Homemade Diet Food to Lose Weight

by Sam Ashe-Edmunds

About Sam Ashe-Edmunds

Sam Ashe-Edmunds has been writing and lecturing for decades. He has worked in the corporate and nonprofit arenas as a C-Suite executive, serving on several nonprofit boards. He is an internationally traveled sport science writer and lecturer. He has been published in print publications such as Entrepreneur, Tennis, SI for Kids, Chicago Tribune, Sacramento Bee, and on websites such Smart-Healthy-Living.net, SmartyCents and Youthletic. Edmunds has a bachelor's degree in journalism.

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If you're looking to lose weight and either control the ingredients in your foods or stay on a budget, making your own low-calorie meals is the way to go. With a little pre-planning and smart shopping, you can create breakfast, lunch and dinner menus with familiar dishes that substitute healthier proteins, carbohydrates and fats for foods high in saturated fat, calories and cholesterol. Start with your favorite dishes, look at what makes them fattening, then think outside the box to make them tasty and nutritious.

Step 1

Write a list of your favorite foods, making menus for breakfast, lunch, dinner and snacks. Cross out dishes you know you won't be able to make at home, either because they require utensils you don't have or cooking techniques you haven't mastered or don't care to learn. Create a final list of menus you feel you can make in your own kitchen.

Step 2

Write separate menus for each meal, underlining ingredients you know are high-fat, high-cholesterol or high-calorie. Write a separate list of these ingredients down the side of one page, leaving room after each to write down substitutions.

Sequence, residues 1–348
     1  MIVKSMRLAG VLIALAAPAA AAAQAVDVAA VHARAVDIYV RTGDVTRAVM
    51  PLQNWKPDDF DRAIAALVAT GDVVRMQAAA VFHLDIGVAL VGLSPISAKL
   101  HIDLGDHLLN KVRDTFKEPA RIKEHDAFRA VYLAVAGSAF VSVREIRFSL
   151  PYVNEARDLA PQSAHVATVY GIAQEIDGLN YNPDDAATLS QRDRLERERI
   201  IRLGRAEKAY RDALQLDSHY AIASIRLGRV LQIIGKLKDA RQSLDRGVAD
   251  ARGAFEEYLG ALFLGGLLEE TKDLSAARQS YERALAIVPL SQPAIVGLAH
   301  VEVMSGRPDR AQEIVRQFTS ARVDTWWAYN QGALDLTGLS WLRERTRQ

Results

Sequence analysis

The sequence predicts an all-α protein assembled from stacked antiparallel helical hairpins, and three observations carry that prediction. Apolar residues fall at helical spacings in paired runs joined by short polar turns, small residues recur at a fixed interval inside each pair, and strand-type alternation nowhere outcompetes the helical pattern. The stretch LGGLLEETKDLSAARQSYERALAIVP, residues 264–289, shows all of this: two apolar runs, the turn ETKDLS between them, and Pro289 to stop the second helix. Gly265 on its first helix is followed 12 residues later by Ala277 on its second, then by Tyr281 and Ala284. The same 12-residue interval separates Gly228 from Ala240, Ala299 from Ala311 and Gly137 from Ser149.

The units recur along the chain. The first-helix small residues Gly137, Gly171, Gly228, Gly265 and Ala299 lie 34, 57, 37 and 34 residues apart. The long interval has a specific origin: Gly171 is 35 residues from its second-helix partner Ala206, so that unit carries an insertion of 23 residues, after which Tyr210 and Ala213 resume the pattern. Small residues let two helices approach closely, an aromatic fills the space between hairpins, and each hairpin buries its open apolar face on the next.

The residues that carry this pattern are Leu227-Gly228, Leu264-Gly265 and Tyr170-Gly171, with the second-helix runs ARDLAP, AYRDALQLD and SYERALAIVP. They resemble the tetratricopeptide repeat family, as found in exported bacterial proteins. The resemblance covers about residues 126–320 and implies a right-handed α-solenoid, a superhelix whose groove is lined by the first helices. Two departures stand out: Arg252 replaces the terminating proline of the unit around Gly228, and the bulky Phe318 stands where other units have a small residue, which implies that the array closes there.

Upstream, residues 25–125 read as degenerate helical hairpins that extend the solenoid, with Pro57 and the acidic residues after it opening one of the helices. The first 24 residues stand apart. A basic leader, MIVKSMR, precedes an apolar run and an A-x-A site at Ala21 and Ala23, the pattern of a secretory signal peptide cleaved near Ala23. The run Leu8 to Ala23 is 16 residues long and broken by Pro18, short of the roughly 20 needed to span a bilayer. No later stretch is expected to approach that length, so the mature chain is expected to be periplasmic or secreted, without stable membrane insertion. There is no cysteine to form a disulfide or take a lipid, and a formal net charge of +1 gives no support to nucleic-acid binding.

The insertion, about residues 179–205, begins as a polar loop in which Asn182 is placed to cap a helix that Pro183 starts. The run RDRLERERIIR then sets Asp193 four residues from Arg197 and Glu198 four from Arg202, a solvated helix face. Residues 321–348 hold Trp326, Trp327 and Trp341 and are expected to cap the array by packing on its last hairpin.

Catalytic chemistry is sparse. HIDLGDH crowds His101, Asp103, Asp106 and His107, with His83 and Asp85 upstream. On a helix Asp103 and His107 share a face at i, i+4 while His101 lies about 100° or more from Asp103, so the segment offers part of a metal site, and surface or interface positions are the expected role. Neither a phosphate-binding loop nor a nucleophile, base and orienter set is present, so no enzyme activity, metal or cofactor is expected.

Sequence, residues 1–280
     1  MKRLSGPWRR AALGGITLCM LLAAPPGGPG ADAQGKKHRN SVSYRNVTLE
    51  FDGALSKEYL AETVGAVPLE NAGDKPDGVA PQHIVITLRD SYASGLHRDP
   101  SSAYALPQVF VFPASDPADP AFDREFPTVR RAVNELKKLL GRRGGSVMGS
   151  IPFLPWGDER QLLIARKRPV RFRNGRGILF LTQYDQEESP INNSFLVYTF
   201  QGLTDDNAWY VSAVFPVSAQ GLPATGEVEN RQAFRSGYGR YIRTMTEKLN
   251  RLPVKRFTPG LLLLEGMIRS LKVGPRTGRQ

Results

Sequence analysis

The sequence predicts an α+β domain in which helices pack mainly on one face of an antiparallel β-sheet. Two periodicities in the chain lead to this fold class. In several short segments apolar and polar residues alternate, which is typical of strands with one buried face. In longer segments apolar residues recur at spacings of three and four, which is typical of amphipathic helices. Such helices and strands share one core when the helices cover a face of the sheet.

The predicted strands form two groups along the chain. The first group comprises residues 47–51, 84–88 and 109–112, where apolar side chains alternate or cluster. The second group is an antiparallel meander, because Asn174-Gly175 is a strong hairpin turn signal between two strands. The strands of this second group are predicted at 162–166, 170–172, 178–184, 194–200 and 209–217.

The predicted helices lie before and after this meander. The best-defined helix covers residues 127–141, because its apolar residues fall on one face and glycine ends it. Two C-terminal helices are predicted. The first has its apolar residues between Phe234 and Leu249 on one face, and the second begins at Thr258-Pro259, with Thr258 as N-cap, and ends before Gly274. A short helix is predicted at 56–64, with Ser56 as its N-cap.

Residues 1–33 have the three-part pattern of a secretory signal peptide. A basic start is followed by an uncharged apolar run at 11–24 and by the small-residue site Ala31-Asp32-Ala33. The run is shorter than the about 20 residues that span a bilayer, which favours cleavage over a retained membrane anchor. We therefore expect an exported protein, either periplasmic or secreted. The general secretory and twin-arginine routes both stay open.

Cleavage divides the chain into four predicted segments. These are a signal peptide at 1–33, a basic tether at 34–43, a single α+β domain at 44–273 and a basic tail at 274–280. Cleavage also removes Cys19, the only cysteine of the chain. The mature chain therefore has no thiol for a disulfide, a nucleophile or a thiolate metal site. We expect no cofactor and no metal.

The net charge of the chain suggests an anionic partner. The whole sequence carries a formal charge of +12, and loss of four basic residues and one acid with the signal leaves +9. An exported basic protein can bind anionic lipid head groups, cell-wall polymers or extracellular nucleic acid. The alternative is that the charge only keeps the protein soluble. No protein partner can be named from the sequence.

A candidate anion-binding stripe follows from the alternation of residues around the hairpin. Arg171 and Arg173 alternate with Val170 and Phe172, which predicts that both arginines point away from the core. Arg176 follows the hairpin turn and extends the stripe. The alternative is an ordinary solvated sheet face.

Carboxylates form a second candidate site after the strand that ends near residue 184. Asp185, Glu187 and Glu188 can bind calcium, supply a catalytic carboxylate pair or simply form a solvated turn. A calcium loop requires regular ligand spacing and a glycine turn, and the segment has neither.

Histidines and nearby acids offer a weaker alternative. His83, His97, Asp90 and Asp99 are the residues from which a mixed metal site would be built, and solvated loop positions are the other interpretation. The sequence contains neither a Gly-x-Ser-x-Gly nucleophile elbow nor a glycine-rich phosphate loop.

Step 3

Write down substitutes for the ingredients on the list you just created. For animal products, substitute lower-fat cuts of beef, such as flank or sirloin, for fattier choices such as filet. Substitute ground turkey breast for ground beef in burgers and tacos, canned tuna for hamburger or sausage in spaghetti sauce, tofu for beef and chicken in stir fries and veggies for pepperoni and sausage on pizzas.

Step 4

Cook with low-fat or fat-free dairy products and egg whites or egg substitutes when you can. For a homemade mac and cheese casserole, use skim milk, fat-free cheese and whole-grain pasta, adding lean boiled ham and sliced cherry tomatoes for extra nutrition. Serve whole-grain breads and pastas and brown or wild rice as side dishes.

Step 5

Make individual pizzas using English muffins or bagels to control portion sizes. Use a low-fat spaghetti sauce and cheeses. Saute or soften veggies in the microwave before baking small pizzas because the cooking time will be shorter.

Step 6

Make soups using your food processor. Use fresh vegetables, fat-free chicken or vegetable stock and seasonings to taste. Save pieces of veggies to add to the base of your soup after blending and cook along with the soup base. Add beans or tofu for protein, as well as a dollop of fat-free sour cream for flavor just before serving.

Step 7

Make Mexican dishes, such as tacos, burritos and fajitas, without meat. Fill them with fat-free cheeses, sour cream and plenty of veggies such as lettuce, onions, tomatoes and avocados. Make your own salsa with a food processor, using tomatoes, onions and peppers, garlic, lime juice and cilantro. Add cilantro and lime juice to canned black beans for a side dish high in protein and iron. Serve vegetarian or fat-free refried beans for a familiar side dish or burrito filling. Use smaller, whole-grain tortillas and baked chips and shells.

Tip

  • Cook with non-stick cookware and use monounsaturated cooking oils such as canola, peanut, olive or avocado. If you use a butter substitute, read the nutrition label to avoid saturated and trans fats.

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This article reflects the views of the writer and does not necessarily reflect the views of Jillian Michaels or JillianMichaels.com.